Re: Dissecting the Aquatic Ape: Bipedalism

Paul Crowley (
Thu, 01 Aug 96 16:08:30 GMT

In article <4tnl7l$> "HARRY R. ERWIN" writes:

> Paul Crowley ( wrote:

> : > : > The niche is large-bodied suspensory feeding in open-canopy forest.
> : > : > [..] you have to climb down out of the tree to move to another tree.

> : I was querying: "The niche is . . . . ". It is not one currently
> : occupied by any animal. It is an imaginary niche -- and therefore
> : highly suspect.
> But one apparently occupied in the past.

I suggest that a serious re-examination of this "niche" would reduce
or eliminate its plausibility. There would definitely have been
niches for a larger bodied terrestrial apes or cercopithecoids (the
current chimp/baboon) able to climb, feed, hunt and sleep in the
trees; there would have been niches for smaller almost entirely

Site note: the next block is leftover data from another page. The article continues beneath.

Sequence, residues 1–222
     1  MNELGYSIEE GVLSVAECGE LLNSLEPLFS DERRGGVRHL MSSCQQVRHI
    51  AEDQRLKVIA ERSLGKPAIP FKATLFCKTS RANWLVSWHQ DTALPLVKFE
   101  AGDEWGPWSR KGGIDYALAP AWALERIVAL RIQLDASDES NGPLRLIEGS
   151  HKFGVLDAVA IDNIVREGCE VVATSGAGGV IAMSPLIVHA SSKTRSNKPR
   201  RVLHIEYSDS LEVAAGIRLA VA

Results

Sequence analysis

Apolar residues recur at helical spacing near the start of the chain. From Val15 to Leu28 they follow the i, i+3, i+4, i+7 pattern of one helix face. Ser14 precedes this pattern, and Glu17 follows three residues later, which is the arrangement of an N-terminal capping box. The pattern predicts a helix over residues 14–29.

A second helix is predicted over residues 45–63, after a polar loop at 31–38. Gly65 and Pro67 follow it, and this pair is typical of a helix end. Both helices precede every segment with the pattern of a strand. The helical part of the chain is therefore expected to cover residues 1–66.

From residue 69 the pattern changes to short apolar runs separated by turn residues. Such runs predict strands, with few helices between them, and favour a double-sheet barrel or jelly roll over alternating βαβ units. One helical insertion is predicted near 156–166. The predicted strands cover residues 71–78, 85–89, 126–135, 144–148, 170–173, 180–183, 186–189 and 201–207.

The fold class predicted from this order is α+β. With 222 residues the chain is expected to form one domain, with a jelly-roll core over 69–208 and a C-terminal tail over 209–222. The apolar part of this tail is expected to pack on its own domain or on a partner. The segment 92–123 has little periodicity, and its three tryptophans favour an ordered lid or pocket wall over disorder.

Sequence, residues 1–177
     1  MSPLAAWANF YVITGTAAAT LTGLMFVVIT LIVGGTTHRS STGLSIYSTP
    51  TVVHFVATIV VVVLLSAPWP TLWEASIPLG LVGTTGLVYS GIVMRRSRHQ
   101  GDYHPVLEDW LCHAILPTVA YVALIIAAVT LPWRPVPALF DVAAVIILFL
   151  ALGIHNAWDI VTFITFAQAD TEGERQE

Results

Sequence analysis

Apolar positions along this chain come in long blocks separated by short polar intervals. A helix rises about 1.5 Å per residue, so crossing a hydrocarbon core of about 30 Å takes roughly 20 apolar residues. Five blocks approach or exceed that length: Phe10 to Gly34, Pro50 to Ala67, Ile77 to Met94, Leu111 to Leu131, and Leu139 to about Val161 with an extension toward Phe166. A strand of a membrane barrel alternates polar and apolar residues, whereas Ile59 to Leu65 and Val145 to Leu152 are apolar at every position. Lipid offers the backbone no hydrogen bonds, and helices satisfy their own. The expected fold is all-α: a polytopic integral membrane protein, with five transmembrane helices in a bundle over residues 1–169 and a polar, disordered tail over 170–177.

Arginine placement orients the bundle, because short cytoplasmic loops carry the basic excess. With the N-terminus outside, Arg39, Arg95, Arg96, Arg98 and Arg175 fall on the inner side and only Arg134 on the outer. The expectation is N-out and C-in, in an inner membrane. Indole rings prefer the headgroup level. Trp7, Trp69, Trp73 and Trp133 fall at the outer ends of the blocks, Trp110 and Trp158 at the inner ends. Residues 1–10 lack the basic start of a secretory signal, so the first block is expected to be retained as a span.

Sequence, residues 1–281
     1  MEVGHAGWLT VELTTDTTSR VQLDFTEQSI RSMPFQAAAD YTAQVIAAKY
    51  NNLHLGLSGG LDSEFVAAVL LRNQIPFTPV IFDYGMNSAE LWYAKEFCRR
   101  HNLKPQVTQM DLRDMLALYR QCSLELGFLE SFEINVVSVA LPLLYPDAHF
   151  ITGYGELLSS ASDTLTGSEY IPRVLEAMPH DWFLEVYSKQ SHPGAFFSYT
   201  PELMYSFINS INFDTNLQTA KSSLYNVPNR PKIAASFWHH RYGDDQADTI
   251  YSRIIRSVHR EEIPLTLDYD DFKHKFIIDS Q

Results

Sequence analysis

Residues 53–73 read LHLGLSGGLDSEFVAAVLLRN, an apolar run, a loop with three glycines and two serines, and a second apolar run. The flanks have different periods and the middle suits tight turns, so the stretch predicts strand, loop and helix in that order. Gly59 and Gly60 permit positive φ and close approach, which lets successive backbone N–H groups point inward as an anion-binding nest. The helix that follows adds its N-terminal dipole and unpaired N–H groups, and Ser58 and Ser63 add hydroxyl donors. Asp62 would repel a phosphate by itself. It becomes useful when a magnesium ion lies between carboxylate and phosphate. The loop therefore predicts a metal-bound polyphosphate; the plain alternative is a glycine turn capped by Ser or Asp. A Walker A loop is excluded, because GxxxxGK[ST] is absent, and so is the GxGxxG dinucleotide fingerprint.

arboreal primates. But one in between . . . ?

Maps or aerial photographs might could the extent of suitable
habitats - open, but not too open canopy. I'd suggest it's not
common enough and is too dispersed and impermanent for a viable

Why create an imaginary niche when there are plenty of real ones?

> : > : Nearly all the lethal
> : > : attacks on vulnerable chimps, baboons, or other primates appear to
> : > : occur when a single victim is feeding or resting in a tree and the
> : > : attacking group moves silently on the ground to cut off all avenues
> : > : of escape.
> : >
> : > Not very applicable to leopard attacks, then.
> : Leopards are mostly nocturnal. They're why chimps sleep in trees.
> Point?

I was saying that reduced vision caused by lack of height has never
been reported or indicated as a possible handicap to chimps, baboons
or other species in field observations. And since big cats, including
leopards, are mostly nocturnal a hominoid victim won't see them at
night - no matter how tall s/he is.